Multiple samples of each albumin concentraton were prepared, and the absorbance of each mixture was measured as a function of time from final mixing of the ingredients, in a Gilford 300N spectrophotometer at 500 nanometers, with results as follows:

              TABLE I______________________________________Optical Density of ProteinSolutions at Various ProteinConcentrations (Micrograms/0.2ml.) 20 micro- grams/    40 micro-  80 micro-                               160 micro-Time  .2ml.     grams/.2ml.                      grams/.2ml.                               grams/.2ml(Min.) (2 samples)           (2 samples)                      (2 samples)                               (2 samples)______________________________________5     .144,  .148   .282,                    .280  .508,                               .519  .911, .93410    .141,  .141   .266,                    .267  .486,                               .490  .866, .86715    .142,  .126   .242,                    .242, .441,                               .447  .790, .80120    .116,  .119   .224,                    .218  .399,                               .407  .736, .75325    .098,  .100   .198,                    .196  .356,                               .364  .683, .68030    .090,  .089   .172,                    .179  .321,                               .319  .608, .62835    .078,  .081   .157,                    .152  .292,                               .298  .575, .57740    .086,  .072   .141,                    .140  .253,                               .264  .497, .520______________________________________

It can be seen that there is severe loss of optical density over a 30 minute period. The loss is significant over even a 10 minute period following mixing of the reagents.

B. The experiment of Example 1A above was repeated, with the exception that the concentration of sodium hydroxide used to digest the albumin was 0.3N rather than 0.75N. Multiple samples of each albumin concentration were prepared, and the absorbance of each mixture was measured as a function of time from the final mixing of the ingredients, in a Gilford 300N spectrophotometer at 500 nanometers, with results as shown in Table II:

              TABLE II______________________________________Optical Density of ProteinSolutions at Various ProteinConcentrations (Micrograms/0.2ml.) 20 micro-Time  grams/    40 micro-  80 micro-                               160 micro-(Min.) .2ml.     grams/.2ml grams/.2ml.                               grams/.2ml.______________________________________5     .171      .308       .539     .86810    .171      .312       .530     .85815    .173      .307       .526     .85220    .173      .306       .523     .84025    .172      .303       .528     .82930    .171      .300       .510     .811______________________________________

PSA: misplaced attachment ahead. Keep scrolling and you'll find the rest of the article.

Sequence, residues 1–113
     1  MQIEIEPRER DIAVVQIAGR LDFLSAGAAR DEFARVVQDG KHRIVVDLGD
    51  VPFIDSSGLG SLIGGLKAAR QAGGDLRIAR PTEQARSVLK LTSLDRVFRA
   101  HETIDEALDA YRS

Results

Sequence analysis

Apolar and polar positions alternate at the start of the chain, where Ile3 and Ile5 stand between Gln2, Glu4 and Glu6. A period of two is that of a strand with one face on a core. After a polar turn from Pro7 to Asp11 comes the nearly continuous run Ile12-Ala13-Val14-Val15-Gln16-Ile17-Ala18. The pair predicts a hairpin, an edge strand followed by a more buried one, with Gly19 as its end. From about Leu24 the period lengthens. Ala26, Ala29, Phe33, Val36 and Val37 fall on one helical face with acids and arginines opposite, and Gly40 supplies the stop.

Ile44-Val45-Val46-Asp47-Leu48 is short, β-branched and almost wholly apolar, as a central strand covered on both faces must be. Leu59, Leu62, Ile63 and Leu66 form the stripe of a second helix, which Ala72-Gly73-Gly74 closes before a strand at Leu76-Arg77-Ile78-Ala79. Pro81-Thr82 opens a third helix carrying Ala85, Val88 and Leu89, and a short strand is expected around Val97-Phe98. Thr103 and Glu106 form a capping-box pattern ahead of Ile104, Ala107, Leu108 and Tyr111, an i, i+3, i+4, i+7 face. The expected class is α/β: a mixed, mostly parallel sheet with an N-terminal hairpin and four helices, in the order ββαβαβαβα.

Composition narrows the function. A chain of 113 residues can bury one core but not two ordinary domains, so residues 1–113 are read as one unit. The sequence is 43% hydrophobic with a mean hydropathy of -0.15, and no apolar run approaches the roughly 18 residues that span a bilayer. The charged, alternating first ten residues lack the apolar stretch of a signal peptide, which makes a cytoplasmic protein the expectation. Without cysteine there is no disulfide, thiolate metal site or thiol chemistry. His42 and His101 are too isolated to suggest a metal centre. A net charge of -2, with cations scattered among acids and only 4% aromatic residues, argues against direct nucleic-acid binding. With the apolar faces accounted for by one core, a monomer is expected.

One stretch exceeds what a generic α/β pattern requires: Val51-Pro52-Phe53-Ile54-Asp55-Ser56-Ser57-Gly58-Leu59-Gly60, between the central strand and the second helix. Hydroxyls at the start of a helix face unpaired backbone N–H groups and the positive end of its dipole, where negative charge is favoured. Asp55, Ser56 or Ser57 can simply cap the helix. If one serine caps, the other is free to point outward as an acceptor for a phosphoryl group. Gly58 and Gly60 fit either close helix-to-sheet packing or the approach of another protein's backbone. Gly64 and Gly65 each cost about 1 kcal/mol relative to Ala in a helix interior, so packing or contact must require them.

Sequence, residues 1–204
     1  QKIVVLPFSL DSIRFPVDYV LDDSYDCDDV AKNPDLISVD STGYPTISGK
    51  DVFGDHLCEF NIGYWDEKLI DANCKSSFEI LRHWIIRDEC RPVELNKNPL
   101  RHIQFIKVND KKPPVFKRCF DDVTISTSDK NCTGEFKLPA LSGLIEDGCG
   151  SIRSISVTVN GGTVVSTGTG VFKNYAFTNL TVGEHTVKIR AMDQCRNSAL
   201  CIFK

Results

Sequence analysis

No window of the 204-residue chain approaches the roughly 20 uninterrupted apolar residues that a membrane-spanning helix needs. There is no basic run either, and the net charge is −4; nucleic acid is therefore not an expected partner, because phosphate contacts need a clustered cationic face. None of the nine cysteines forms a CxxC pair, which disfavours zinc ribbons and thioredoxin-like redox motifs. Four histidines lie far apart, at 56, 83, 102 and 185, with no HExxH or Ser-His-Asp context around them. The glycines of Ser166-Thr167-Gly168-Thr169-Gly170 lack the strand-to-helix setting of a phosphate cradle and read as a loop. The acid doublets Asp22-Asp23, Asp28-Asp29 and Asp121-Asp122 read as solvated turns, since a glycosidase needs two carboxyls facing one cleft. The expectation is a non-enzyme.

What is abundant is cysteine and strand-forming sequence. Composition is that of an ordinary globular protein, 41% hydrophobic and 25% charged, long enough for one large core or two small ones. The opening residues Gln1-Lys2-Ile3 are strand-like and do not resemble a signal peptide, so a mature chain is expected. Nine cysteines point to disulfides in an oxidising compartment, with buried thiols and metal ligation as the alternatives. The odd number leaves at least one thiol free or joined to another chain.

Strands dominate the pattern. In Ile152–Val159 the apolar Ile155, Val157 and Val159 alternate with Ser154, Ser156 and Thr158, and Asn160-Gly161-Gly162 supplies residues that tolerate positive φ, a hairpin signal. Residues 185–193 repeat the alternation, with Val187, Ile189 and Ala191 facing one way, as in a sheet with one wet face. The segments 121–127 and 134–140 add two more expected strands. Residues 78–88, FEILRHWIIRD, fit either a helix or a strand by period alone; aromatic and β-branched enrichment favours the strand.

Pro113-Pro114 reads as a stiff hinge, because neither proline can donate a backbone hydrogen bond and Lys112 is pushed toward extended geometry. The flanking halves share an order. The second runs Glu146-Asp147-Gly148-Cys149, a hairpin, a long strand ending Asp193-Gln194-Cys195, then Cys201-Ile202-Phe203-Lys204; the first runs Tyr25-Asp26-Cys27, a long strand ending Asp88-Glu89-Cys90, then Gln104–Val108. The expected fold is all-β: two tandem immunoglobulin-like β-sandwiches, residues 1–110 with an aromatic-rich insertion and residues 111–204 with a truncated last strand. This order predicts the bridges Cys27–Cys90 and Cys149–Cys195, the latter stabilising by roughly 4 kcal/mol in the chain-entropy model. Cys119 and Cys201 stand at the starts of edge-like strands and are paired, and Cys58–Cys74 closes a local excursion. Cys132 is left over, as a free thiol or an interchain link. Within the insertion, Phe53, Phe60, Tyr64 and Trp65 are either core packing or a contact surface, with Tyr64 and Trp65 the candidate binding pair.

It can be seen that in the recorded 25 minute period between 5 and 30 minutes after mixing of the reagents, the optical density value decreased by less than 10 percent in all cases. This is to be compared with a decrease in optical density in the same period of time of between 30 and 40 percent in the previous Example 1A.

C. The experiment of Example 1A was repeated, except that the concentration of sodium hydroxide solution used to digest the albumin was 0.4N rather than 0.75N.

As before, multiple samples of each albumin concentration were prepared, and the absorbance of each mixture was measured in the same manner as previously described, with results as shown in Table III:

              TABLE III______________________________________Optical Density of ProteinSolutions at Various ProteinConcentrations (Micrograms/0.2ml.) 20 micro-Time  grams/    40 micro-  80 micro-                               160 micro-(Min.) .2ml.     grams/.2ml.                      grams/.2ml.                               grams/.2ml.______________________________________5     .158     .277        .485     .80510    .152     .272        .480     .79615    .153     .277        .474     .78620    .150     .271        .465     .77125    .149     .258        .455     .75230    .149     .252        .441     .724______________________________________